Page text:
Now, you only need one, to be frank, to be able to keep the level of MECP2 within the appropriate physiological range. But because of this issue of maybe ACE targeting two, three or four copies, Steve Gray, our Chief Scientific Adviser, in partnership with Sarah Sinnett built in kind of an overabundance of these down regulatory micro RNA binding sites in order to make sure we really are truly going to make sure that we do not over express any MECP2.
Now, the exact number of genome copies, we don't know that. What we do know from the toxicology studies is that we've given a fourfold dose over the initial starting dose. The initial stuff, there's 5E14 total vg. And in both NHPs and in rats, over a three and six month period, we gave three doses in both toxicology dose, all the way up to 2E15 human equivalent. And so, we know that sort of fourfold overdosing of the initial clinical starting dose, you actually see minimal adverse – or, well, no adverse toxicological findings. And we know that there's high numbers of gene copies getting to the cells with an intrathecal dose of that high. So we have absolute confidence that going into the 5E14 level in the humans, which is far below the highest dose given the toxicology studies, is not going to result in overexpression. I hope that answered your first question.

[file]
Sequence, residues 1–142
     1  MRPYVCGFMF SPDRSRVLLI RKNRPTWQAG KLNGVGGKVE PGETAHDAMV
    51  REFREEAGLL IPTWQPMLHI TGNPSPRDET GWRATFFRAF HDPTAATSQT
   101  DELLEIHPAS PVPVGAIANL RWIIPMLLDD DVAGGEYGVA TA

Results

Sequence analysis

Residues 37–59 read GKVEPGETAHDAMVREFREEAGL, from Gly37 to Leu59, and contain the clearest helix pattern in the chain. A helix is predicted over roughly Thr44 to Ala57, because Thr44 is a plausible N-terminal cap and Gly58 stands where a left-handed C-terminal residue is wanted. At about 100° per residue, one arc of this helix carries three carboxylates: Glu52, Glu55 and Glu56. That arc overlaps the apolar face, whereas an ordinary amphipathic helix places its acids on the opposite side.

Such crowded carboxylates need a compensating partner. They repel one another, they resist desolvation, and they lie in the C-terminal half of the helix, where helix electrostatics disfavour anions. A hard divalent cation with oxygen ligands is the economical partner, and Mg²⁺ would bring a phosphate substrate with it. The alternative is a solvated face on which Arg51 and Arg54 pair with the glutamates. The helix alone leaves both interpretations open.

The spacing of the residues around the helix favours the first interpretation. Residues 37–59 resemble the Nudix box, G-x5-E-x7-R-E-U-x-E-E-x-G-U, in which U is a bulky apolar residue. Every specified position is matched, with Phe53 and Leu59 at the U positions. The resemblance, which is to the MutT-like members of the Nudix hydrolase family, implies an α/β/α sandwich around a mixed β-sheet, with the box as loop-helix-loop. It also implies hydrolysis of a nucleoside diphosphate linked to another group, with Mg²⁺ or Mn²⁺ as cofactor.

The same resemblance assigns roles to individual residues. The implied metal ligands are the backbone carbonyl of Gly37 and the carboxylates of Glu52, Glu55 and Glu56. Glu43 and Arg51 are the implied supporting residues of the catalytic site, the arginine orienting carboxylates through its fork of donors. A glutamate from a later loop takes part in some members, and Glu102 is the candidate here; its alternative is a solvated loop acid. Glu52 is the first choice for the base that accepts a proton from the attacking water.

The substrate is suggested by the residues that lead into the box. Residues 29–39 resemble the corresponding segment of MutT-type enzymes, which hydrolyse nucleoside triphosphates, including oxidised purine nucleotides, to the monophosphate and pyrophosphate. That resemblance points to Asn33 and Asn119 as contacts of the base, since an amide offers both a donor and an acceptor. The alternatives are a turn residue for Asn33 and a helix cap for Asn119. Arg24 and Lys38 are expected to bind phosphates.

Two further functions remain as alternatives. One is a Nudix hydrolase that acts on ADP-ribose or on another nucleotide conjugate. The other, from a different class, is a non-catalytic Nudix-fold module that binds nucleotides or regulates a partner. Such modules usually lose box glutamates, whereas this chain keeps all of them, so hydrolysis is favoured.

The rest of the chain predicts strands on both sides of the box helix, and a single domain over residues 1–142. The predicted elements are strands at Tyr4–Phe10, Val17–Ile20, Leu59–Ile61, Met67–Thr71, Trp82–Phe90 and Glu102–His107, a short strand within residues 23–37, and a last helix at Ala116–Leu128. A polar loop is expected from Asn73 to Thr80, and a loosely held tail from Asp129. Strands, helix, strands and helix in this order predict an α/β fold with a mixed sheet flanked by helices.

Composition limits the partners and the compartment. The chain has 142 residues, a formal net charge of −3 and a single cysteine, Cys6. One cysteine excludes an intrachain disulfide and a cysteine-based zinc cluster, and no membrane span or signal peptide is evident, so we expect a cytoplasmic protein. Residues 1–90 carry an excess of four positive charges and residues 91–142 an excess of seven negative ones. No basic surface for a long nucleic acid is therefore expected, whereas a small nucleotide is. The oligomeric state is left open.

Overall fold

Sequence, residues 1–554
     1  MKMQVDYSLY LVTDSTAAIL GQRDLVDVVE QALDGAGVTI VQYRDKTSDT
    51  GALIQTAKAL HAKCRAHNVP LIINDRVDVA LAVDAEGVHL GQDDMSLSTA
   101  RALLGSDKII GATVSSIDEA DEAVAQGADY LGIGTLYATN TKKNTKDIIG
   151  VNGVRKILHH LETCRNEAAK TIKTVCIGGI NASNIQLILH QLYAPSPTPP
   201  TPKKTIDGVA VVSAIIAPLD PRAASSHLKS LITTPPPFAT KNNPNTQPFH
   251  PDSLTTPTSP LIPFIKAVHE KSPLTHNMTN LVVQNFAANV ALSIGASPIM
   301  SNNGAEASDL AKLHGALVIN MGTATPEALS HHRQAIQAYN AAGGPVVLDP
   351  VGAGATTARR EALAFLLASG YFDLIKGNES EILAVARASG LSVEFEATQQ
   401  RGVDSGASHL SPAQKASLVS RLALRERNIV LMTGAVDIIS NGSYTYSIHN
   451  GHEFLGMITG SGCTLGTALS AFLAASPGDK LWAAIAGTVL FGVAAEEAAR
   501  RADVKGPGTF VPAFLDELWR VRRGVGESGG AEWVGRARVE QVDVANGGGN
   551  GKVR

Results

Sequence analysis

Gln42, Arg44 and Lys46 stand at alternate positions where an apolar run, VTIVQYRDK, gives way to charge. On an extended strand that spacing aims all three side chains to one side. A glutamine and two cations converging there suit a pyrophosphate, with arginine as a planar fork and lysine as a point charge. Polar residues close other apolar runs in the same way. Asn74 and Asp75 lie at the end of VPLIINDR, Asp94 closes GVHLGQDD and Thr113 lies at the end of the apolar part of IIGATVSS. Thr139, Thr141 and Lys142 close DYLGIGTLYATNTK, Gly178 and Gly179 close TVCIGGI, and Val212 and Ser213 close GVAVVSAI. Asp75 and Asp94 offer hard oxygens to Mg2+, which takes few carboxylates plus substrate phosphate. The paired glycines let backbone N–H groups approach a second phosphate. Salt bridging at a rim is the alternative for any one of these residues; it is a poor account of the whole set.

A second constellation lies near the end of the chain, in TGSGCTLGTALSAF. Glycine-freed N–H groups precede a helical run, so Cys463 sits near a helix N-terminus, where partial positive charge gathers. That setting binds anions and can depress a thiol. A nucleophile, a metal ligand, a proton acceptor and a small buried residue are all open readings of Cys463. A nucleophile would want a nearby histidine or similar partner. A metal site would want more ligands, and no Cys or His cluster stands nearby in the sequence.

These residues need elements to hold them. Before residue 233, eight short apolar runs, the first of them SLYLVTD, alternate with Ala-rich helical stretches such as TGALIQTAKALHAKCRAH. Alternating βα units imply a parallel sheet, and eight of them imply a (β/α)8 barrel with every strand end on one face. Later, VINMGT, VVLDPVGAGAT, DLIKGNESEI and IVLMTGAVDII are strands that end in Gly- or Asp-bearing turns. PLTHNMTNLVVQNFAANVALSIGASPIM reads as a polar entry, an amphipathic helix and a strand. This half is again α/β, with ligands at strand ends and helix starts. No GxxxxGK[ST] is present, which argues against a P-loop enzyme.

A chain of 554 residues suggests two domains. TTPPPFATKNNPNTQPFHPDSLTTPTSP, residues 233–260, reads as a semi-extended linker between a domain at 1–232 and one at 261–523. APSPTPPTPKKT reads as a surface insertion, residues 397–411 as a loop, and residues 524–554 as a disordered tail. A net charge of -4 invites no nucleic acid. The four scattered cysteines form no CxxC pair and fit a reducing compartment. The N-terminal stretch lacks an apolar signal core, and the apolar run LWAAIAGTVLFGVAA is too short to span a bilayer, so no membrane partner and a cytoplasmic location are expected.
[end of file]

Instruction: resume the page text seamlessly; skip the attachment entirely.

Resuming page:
The second question about dose translatability from children to adults or from adults down to children, in this case, it's very interesting. Most of the time, when you give a drug systemically, i.e. into a vein, you dose on a vg per kilos basis. So, for example, a six year old boy will generally weigh 20 kilos. So, if you're giving, I don't know, 1E14 vg per kilo, you multiply that by the 20 kilos that he weighs, and obviously, a larger boy or girl, a 12 year old who may weighed 30, 35 kilos, an adult may weigh 60, 70 kilos, so you multiply that number and you do the dose translatability on the weight. It's different for a CNS delivered drug, an intrathecally delivered drug because you're giving the gene therapy – it's a very limited space.